Who knows, maybe the removal of the audio jack is the very reason that Apple finally managed to achieve water resistance, stereo speakers and better performance – all on that tiny footprint. We could argue that other OEM’s has done the same without removing the audio jack – but that’s outside the point of the story.
5. Encourages users to go “wireless”
Just think about it, when was the last time you have to use a LAN cable to connect to the internet? That’s not to say that cables are dead, since they are not (still used to connect to stationary devices such as desktops, routers and servers), but the convenience of wired and wireless are almost day and night.
The technology for wireless audio has long been present already, so why hasn’t everyone jumped ships already and switched? Plenty of reasons has been stated above (not practiced as standard technology, expensive, etc.)
But the truth is once these wireless headsets becomes more readily available in the market and is competitively priced, users will make the switch. And this will not happen if the 3.5mm audio jack did not disappear – as there will never be an impetus for the audio industry and market to change.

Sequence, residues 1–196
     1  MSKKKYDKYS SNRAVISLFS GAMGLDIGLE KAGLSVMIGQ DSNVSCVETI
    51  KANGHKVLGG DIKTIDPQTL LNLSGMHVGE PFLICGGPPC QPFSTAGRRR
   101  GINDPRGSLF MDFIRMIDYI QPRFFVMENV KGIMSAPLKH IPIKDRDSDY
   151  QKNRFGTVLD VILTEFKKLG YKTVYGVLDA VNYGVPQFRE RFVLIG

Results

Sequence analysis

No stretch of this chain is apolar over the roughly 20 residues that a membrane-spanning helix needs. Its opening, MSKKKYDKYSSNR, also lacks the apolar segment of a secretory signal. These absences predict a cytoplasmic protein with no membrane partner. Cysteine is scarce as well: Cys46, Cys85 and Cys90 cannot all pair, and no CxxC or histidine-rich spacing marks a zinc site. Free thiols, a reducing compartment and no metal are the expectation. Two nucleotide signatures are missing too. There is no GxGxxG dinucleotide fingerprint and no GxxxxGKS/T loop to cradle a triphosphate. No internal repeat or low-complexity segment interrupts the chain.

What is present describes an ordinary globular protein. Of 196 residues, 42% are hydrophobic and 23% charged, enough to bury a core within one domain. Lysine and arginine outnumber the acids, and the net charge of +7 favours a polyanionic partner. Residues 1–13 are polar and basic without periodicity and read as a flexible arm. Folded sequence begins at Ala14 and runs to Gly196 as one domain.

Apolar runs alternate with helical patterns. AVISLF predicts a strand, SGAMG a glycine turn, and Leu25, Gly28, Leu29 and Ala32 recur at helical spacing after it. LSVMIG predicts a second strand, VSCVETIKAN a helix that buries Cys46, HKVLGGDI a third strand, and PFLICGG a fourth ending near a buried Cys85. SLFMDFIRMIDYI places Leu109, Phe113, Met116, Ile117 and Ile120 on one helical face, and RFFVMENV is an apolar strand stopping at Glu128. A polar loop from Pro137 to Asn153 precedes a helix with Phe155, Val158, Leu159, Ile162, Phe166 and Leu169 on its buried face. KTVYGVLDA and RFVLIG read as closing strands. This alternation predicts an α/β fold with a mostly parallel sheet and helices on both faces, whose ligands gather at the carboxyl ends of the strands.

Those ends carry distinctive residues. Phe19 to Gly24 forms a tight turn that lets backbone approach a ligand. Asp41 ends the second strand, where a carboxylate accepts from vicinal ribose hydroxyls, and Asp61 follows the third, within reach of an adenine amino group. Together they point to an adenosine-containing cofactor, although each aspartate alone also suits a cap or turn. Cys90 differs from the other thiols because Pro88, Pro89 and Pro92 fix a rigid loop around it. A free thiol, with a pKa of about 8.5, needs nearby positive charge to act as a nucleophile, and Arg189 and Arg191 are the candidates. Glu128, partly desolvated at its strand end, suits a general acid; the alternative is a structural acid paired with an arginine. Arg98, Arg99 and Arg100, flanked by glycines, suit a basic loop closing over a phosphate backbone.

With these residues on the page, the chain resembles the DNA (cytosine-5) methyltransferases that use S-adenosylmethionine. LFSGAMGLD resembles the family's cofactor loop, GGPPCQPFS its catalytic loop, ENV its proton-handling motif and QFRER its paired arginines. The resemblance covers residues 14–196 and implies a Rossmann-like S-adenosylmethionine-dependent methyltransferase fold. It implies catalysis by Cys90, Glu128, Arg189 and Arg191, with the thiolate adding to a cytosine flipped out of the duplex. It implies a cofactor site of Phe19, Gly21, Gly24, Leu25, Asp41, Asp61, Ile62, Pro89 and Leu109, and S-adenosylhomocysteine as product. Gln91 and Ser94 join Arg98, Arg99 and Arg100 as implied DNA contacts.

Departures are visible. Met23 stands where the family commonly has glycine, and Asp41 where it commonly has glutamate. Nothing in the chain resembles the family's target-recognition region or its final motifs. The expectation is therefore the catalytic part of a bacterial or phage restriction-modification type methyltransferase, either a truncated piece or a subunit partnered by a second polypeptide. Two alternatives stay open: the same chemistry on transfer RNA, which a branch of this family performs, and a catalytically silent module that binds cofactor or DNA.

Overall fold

The reality is that we already live in a world that operates wirelessly. Our phones operates wirelessly, our data lies in the cloud wireless, even access to our music nowadays happens wirelessly – so what’s stopping us from doing the same for our audio hardware devices?
All things evolve through time; technology is no different. If it didn’t, we’d probably still be using bows and arrows to hunt our foods – like our ancestors did a time ago.
And yet technology made the once invaluable bow-and-arrow obsolete; We adapted better tools in achieving the same purpose more efficiently. A far-off analogy, but my point remains the same.
The 3.5mm audio jack, as we know it by now, may seem indispensable, and irreplaceable just because it works. Yet if we do not instill change, then who’s to know if there could’ve been a better alternative.
Apple, Motorola, Oppo, and all other manufacturers who did the same by removing the 3.5mm audio jack did it not to pose inconvenience to its users, but to instill a mentality of change, and to see whether the aged technology has to go – for other alternatives to arise, or will it stay, and remain as a de-facto standard for years to come.